Btw, we (@smoia) collected the Euskalibur dataset in 10 subjects, 10 sessions each, with several RS and tasks per session (5 TEs, 2.4x2.4x3 mm3 voxels, TR=1.5s, SMS=5, GRAPPA=2 with whole-brain coverage). All of them with physiological recordings. DM if you are interested!!

Thanks for the reply @tsalo @CesarCaballeroGaudes !

It sounds like we’ll need more echos if we want to to pursue these findings. @CesarCaballeroGaudes that sounds like a perfect dataset to more accurately estimate these effects. I’ll reach out!

I’ll concur with @tsalo and @CesarCaballeroGaudes. I think you can use tedana’s fit decay, but it would definitely be noisier. If it were possible to get a solid T2* and S0 estimate with just fit_decay_ts then multi-echo denoising would be much easier. They noted more echoes can help, but, if you’re designing a new study, more trials with more trial averaging might also be useful.

As for S0 hemodynamic effects, this is effectively what VASO and a lot of the high resolution layer fMRI methods are trying to do. CBV changes are more localized to capillaries than T2* and potentially help with more precise localization, but most of those CBV-selective methods are fighting with worse SNR than standard T2*-weight EPI imaging. Still, that might be a good literature to dig into. I think some pulse sequences like VASO and VAPER have options for multi-echo, which might create an opportunity for more direct comparisons.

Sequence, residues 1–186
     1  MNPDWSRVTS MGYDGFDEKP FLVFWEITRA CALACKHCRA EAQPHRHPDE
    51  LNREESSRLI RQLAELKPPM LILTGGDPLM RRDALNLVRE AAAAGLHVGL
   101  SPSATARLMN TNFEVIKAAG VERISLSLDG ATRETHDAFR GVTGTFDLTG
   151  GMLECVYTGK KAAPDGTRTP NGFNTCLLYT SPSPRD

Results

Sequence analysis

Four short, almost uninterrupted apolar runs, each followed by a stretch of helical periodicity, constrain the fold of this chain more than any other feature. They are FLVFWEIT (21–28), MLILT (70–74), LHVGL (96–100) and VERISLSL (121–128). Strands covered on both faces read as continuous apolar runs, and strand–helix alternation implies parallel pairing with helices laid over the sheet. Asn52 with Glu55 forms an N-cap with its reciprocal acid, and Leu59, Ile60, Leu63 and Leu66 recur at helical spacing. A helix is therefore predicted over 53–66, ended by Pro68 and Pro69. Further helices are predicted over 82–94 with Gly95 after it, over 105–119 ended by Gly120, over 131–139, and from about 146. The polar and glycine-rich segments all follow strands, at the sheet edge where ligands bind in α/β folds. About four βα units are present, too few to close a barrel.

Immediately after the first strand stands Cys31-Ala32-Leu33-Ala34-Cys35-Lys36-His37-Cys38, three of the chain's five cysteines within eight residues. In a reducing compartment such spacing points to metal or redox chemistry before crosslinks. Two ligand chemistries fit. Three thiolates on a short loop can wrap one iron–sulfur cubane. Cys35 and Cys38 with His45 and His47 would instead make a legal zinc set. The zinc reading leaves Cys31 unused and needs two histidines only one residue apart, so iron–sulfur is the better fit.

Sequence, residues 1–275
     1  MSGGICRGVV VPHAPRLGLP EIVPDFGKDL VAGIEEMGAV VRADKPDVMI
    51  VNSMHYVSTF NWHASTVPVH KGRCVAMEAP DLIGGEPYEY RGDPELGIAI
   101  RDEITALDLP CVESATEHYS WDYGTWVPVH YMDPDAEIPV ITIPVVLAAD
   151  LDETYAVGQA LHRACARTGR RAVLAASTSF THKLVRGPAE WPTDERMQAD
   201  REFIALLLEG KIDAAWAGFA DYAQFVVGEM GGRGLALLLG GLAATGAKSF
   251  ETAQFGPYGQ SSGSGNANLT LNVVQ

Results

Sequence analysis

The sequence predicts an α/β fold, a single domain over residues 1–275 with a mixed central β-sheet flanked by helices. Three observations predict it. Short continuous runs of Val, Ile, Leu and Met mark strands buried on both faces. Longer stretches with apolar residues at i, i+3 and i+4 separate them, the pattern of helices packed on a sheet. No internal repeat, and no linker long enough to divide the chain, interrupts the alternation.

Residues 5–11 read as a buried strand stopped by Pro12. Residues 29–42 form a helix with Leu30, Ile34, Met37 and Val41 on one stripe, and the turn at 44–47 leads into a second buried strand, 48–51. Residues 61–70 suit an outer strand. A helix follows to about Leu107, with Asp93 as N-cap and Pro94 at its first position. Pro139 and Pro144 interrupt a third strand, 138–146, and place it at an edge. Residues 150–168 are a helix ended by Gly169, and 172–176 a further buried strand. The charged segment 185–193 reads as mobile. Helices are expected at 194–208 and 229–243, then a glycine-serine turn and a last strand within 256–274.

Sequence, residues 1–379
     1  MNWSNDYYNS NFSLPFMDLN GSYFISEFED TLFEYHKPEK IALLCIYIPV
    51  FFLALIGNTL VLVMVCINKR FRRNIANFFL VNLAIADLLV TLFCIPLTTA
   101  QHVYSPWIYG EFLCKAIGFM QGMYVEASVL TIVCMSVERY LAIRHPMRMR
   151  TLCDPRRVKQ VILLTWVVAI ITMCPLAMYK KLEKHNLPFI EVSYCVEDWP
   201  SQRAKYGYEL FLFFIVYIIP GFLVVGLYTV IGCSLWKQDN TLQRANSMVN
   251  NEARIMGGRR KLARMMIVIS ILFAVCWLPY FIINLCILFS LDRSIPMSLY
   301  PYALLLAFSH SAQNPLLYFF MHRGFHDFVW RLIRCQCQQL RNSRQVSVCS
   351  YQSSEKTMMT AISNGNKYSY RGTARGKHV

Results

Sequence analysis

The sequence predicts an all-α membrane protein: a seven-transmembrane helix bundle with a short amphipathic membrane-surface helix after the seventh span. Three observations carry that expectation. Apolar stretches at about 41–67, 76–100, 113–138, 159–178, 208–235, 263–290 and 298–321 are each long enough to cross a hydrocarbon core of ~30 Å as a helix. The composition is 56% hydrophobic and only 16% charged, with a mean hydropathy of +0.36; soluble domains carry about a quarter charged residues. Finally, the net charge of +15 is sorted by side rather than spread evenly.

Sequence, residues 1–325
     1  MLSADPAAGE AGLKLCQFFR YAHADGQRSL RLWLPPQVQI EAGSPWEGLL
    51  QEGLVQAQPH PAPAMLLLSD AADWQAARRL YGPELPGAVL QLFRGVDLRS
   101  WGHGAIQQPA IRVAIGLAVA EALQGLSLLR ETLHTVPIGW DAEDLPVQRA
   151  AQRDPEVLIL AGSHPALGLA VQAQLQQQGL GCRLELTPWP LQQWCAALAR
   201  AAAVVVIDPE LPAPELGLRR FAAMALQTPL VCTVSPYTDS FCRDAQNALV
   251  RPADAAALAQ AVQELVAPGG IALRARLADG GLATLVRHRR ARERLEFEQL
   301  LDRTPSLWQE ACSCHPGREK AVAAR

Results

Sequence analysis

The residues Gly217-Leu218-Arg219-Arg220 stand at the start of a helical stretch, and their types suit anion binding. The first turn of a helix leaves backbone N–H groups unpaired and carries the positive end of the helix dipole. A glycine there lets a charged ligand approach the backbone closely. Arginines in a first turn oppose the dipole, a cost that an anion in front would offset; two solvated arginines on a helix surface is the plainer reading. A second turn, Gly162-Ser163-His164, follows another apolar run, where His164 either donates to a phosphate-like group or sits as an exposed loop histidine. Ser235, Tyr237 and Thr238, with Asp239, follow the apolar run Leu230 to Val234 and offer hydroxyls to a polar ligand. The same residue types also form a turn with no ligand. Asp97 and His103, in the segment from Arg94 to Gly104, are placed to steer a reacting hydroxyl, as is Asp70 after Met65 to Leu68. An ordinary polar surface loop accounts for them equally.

One other thing I want to mention is that several people focus on the lateral ventricles to look for effects that are not caused by T2* change in blood. The choroid plexus is highly vascularized and floating in the ventricles. I suspect some ventricle effects we see are due to the choroid plexus. If digging into that interests you, I’m very happy to talk more.

Thank you @handwerkerd ! That’s very helpful. I wasn’t aware of that link with the VASO sequence. I’ll read into that literature to get a better grounding in all this.

For more context, we’re attempting to dissect the pattern of cross-correlations between voxel-wise fMRI signals and the pulse amplitude. One prominent pattern (which has been observed by others) is negative correlation in the ventricles, white matter and posterior draining veins.

Using Nathan Spreng’s labs dataset, we’re seeing fairly robust patterns, even for the t2* and s0 effects (slightly attenuated relative to the optimally-combined & denoised data):

Optimally-combined and denoised pulse amplitude cross-correlation:

T2* pulse amplitude cross-correlation:

s0 pulse amplitude cross-correlation:

The pattern in the ventricles and posterior draining vein - negative in the s0, positive in the t2* - seem anatomically reasonable. This is the group-averaged effect (# of subjects: 87, # of sessions: 165). I’m guessing the large sample is averaging out some of the noise of volume-specific t2* and s0 estimation?